Hyderabad: Can meditation slow down Alzheimer’s Disease? A new study by the International Institute of Information Technology, Hyderabad and the Neurology Department, Apollo Multispeciality Hospital, Kolkata that was published in ‘Frontiers in Human Neuroscience’ suggests so.
According to an IIIT-H blog, the Department of Science and Technology-backed study conducted jointly by the IIIT-H and Apollo, Kolkata’s Neurology Department reveals that simple home-based meditation can actually change the brain structure and increase grey matter content in patients with mild cognitive impairment (MCI) and mild Alzheimer’s disease.
A joint research team led by Dr. Amitabha Ghosh, Head of Department, Neurology, Apollo, Kolkata and researcher Neha Dubey, along with Dr. Bapi Raju from IIIT-H’s Cognitive Science Research Centre and his students Madhukar Dwivedi and Aditya Jain Pansari, attempted to see the effects of meditation on MCI patients and those with early Alzheimer’s disease.
The team recruited patients with MCI or mild Alzheimer’s disease and assigned them into Meditation and Control groups. Before the start of the experimental period, both groups had MRI scans of their brain taken. The Meditation group was taught to meditate at home for 30 minutes each day in a quiet, sitting posture by following audio instructions from a CD. When both groups had their brain images retaken after a period of 6 months, the researchers found that the patients in the Meditation group showed a significant increase in cortical thickness and grey matter volume mainly in the pre-frontal area of the brain. It also coincided with a reduced thickness in the posterior part of the brain.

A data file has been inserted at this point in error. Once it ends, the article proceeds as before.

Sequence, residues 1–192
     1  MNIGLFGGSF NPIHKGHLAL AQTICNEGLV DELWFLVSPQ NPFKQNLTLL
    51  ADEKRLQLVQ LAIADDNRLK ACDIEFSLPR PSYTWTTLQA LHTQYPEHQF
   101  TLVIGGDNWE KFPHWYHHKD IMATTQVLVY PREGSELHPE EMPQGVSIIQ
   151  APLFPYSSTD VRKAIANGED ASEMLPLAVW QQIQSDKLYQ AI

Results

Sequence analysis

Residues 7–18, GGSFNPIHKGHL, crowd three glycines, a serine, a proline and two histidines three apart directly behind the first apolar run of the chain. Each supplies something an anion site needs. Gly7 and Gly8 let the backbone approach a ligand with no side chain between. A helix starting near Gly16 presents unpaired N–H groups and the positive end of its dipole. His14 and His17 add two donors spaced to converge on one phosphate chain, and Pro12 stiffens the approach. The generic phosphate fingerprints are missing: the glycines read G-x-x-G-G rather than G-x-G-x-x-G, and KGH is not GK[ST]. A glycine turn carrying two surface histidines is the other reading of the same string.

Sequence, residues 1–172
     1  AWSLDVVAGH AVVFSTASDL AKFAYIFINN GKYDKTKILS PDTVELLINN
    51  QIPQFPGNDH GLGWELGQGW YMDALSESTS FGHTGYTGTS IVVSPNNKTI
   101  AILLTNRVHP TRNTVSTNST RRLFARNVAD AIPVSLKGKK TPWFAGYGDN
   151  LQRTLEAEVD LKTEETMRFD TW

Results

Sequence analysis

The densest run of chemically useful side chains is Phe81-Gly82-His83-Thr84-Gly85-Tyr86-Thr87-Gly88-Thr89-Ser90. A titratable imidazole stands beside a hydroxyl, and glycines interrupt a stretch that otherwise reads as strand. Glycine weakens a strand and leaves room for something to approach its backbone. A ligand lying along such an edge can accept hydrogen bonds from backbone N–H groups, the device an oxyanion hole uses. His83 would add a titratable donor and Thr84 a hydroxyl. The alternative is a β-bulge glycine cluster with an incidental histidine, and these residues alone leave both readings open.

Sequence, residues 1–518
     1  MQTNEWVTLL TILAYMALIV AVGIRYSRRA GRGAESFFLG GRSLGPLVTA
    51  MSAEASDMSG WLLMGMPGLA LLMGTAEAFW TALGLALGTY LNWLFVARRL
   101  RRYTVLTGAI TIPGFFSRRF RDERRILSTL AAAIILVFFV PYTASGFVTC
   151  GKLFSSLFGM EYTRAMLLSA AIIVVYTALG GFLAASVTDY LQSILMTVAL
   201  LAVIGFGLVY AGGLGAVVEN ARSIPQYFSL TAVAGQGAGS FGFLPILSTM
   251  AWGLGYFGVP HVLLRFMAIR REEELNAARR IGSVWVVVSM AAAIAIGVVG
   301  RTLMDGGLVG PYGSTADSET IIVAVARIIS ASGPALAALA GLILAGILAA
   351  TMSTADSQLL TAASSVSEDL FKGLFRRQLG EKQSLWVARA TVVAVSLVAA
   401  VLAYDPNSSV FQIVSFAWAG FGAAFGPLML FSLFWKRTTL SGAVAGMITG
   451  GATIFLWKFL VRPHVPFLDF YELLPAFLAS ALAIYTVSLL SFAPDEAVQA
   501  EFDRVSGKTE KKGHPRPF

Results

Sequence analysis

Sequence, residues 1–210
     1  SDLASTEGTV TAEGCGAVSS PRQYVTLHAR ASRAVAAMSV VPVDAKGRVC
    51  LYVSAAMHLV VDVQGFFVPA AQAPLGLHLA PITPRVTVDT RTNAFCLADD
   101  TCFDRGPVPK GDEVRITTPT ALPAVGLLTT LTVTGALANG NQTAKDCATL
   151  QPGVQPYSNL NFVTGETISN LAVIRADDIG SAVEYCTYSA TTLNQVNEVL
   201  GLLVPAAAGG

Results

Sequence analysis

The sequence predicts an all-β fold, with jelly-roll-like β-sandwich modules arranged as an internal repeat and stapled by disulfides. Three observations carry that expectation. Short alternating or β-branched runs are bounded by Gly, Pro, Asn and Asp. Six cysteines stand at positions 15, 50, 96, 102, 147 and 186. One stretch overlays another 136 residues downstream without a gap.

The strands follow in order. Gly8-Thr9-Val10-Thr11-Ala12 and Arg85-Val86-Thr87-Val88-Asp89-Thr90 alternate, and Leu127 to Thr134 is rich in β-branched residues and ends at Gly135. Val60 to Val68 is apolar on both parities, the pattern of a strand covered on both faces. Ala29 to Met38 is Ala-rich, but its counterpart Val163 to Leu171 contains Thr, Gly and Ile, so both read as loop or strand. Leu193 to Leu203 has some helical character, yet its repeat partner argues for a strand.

According to Dr. Ghosh, patients with MCI or Alzheimer’s disease lose attention, get distracted and have memory lapses. Through meditation, one is taught to increase one’s focus and to consciously disengage from floating thoughts. The team’s findings of increased grey matter in the frontal area also corroborate the fact that it is this region that is engaged in attention, decision-making and goal-directed behaviour. The meditation, being a guided process, was simplified enough to allow even those with early memory loss to follow at home.
Dr. Bapi Raju said IIIT-H collected data at two time points, at the start of the therapy and at the end of the 6-month period. The comparison revealed significant changes. “Seeing this happen in the meditation group gives us confidence that this kind of intervention will be viable and useful for patients with memory disorders,” he said.
With the initial study showing promise on protection against memory loss with sustained and simple meditation practice, the team plans on following it up with a larger number of participants and over a longer duration period.
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